The term dynamic packaging has never really meant anything to the consumer, but it’s become a critical piece of travel industry jargon over the last two decades.
For many agents, the term represents a way of doing business that allowed them to survive, thrive even, in an internet age that was tipped to kill them off. The dual threat of budget carriers and OTAs meant traditional agents had to become more dynamic in how they sourced product, as consumers were encouraged to DIY to save money.
How ironic that the new Package Travel Regulations – devised ostensibly to bring OTAs into the regulatory regime – are raising questions about whether agents can afford to continue their own dynamic approach.
Will we see a return to agents being solely reliant on traditional fully-bonded packages? And what would this mean for consumer choice?
Let’s face it, it wouldn’t be the first time regulations intended to have a positive impact on the consumer end up having an unintended detrimental consequence.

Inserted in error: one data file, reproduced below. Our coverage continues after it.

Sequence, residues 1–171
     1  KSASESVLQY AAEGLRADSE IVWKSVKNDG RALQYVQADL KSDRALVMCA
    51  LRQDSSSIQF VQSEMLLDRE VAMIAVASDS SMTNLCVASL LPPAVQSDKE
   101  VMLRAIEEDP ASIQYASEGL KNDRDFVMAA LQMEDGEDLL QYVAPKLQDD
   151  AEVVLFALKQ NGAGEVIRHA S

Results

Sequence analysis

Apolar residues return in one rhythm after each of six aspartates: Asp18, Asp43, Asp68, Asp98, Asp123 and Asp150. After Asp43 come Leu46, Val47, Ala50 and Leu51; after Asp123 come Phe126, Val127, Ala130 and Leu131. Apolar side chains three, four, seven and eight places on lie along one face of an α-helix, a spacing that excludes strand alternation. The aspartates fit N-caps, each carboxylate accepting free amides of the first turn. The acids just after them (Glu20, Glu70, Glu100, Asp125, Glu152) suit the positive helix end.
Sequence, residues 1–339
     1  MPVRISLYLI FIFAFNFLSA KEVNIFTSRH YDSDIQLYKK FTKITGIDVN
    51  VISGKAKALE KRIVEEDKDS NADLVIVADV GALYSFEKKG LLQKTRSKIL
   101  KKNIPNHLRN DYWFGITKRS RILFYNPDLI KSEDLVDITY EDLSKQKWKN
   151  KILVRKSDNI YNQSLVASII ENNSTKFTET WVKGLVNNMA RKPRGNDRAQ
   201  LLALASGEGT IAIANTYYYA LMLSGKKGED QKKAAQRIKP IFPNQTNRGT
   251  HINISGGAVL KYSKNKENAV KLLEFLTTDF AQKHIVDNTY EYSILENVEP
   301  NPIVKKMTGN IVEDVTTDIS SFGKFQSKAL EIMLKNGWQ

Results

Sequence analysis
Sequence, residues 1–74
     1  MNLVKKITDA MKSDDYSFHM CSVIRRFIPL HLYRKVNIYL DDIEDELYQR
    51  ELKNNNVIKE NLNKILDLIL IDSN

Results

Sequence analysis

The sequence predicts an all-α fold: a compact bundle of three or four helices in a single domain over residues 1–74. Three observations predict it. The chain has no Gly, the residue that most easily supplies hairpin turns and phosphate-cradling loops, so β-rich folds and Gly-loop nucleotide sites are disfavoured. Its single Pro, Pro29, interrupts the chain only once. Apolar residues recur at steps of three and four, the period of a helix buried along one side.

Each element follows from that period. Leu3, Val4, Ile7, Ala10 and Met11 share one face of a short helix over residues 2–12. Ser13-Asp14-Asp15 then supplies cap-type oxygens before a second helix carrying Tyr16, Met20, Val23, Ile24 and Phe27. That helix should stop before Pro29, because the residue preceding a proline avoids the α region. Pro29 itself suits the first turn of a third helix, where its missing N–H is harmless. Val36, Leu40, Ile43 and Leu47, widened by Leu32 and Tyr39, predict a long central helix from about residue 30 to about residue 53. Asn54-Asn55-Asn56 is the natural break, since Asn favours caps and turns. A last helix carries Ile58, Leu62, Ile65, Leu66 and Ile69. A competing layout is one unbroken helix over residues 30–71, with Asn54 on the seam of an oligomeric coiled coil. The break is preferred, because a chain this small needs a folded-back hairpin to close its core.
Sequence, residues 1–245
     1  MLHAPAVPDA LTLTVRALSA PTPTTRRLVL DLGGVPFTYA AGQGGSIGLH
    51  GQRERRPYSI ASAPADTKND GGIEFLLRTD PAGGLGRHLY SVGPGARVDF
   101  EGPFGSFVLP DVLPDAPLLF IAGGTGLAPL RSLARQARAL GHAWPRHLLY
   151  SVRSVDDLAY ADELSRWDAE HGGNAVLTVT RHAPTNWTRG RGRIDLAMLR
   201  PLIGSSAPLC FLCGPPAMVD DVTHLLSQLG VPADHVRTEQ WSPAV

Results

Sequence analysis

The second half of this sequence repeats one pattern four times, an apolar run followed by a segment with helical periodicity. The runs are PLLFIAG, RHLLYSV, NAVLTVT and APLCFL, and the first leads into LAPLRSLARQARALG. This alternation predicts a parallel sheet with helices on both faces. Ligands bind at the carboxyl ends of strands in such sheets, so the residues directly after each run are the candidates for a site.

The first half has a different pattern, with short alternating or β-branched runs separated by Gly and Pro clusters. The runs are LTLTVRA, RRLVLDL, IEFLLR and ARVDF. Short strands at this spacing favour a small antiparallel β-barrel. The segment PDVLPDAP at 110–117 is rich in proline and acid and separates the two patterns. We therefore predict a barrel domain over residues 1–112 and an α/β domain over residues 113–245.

Time will tell, but the industry has changed much in 20 years, and agents and their enlightened suppliers have proven to be adaptable survivors.
The message that consumers are better served and protected buying bundled products at the same time from the same place is having an impact on all sides. Just look at Expedia’s latest TV campaign, aired during Love Island, which reminds customers they can book a flight now and a hotel later without losing out on any savings, if they so wish.
What isn’t in doubt is that the message is great for agents selling packages as it gives them another reason to shout about the peace of mind they can offer.
Comment from Travel Weekly, July 5 edition
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